Synthesis of the effect of drought on the distribution and movement of a non-native predator (striped bass) in the Sacramento-San Joaquin River Delta

Start/End: April, 2016 to March, 2018

Within the Sacramento-San Joaquin River Delta, predation may be a contributing factor to low survival of endangered Chinook salmon. To fully understand the potential impacts of striped bass, a non-native species and predator of Chinook and other fishes, requires understanding their population size and spatial distribution through time at time scales relevant to management. Drought and water flow may influence the amount of time striped bass spend in freshwater, which may impact their encounters and predation on Chinook salmon smolt.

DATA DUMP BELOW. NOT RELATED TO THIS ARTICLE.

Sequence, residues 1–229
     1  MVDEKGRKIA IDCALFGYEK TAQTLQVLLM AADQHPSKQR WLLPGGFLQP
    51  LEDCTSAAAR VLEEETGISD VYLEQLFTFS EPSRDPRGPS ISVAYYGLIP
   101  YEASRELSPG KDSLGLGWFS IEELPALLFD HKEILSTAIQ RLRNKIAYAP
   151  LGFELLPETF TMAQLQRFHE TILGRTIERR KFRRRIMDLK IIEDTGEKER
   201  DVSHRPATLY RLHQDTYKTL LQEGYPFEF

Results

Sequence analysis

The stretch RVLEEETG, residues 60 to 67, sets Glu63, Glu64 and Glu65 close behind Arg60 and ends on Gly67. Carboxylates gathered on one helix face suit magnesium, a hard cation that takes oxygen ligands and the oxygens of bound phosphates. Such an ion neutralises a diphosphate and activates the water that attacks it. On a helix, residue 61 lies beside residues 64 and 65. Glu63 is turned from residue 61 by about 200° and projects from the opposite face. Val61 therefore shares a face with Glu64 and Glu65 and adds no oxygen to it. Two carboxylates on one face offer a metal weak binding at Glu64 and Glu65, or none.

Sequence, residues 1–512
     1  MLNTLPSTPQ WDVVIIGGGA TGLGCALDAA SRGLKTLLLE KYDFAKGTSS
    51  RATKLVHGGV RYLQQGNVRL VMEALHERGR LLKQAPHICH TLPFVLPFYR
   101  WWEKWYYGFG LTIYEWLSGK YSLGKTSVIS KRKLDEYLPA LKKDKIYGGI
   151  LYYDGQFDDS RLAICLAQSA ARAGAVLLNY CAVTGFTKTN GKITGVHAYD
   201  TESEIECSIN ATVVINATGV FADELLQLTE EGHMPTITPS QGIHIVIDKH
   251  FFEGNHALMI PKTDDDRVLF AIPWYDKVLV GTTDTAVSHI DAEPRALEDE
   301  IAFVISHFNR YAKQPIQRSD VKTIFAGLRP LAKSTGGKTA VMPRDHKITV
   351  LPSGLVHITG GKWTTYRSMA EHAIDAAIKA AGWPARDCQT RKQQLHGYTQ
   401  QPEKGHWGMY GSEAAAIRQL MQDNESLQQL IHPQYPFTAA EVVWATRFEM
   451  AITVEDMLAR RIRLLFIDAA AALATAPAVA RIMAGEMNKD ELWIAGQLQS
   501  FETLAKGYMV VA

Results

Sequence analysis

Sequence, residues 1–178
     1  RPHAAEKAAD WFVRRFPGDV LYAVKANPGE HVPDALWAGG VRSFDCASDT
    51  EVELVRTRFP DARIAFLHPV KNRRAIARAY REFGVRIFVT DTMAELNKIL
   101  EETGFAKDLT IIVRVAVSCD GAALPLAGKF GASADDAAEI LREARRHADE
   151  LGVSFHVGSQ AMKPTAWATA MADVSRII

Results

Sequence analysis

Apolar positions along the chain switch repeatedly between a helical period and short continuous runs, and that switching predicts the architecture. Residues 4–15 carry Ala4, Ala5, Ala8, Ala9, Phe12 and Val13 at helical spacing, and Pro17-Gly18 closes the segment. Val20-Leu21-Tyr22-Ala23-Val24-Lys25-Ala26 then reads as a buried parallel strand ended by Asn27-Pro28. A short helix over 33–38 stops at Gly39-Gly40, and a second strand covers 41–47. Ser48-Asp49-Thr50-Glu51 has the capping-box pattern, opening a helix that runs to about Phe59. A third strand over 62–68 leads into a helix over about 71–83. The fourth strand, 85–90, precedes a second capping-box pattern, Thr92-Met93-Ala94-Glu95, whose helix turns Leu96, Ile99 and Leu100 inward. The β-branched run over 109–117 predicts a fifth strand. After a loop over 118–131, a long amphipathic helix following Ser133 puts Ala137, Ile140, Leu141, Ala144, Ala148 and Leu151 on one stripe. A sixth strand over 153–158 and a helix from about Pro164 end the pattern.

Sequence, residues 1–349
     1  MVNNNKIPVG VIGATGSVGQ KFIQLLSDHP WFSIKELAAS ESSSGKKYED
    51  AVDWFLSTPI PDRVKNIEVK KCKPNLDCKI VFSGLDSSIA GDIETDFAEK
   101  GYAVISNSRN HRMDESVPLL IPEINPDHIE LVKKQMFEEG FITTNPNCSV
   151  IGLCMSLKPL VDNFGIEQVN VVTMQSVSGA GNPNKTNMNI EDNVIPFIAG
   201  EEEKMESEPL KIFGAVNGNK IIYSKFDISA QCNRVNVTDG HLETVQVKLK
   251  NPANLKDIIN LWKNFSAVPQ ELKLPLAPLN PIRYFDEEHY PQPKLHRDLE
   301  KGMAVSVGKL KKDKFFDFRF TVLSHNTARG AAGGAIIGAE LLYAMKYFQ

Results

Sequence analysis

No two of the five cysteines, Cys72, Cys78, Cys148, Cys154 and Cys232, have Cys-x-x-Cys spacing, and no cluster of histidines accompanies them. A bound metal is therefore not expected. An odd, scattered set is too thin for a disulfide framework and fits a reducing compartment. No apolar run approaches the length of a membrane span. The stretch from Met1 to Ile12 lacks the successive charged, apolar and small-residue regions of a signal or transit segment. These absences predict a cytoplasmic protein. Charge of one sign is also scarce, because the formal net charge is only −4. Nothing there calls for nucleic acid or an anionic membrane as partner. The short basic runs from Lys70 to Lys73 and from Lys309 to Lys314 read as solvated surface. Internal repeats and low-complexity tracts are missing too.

This project will explore how drought and water runoff influence the distribution of striped bass between fresh and salt water in the Delta, using combination of existing datasets and new information gained from microchemistry analysis. Specifically, it will examine:

  • Whether yearly annual runoff influences the use of freshwater by striped bass over different spatial and temporal scales;
  • Whether sub-adult striped bass have different freshwater distributions than adult fish;
  • Whether introduced striped bass in California mimic distribution patterns in their native range.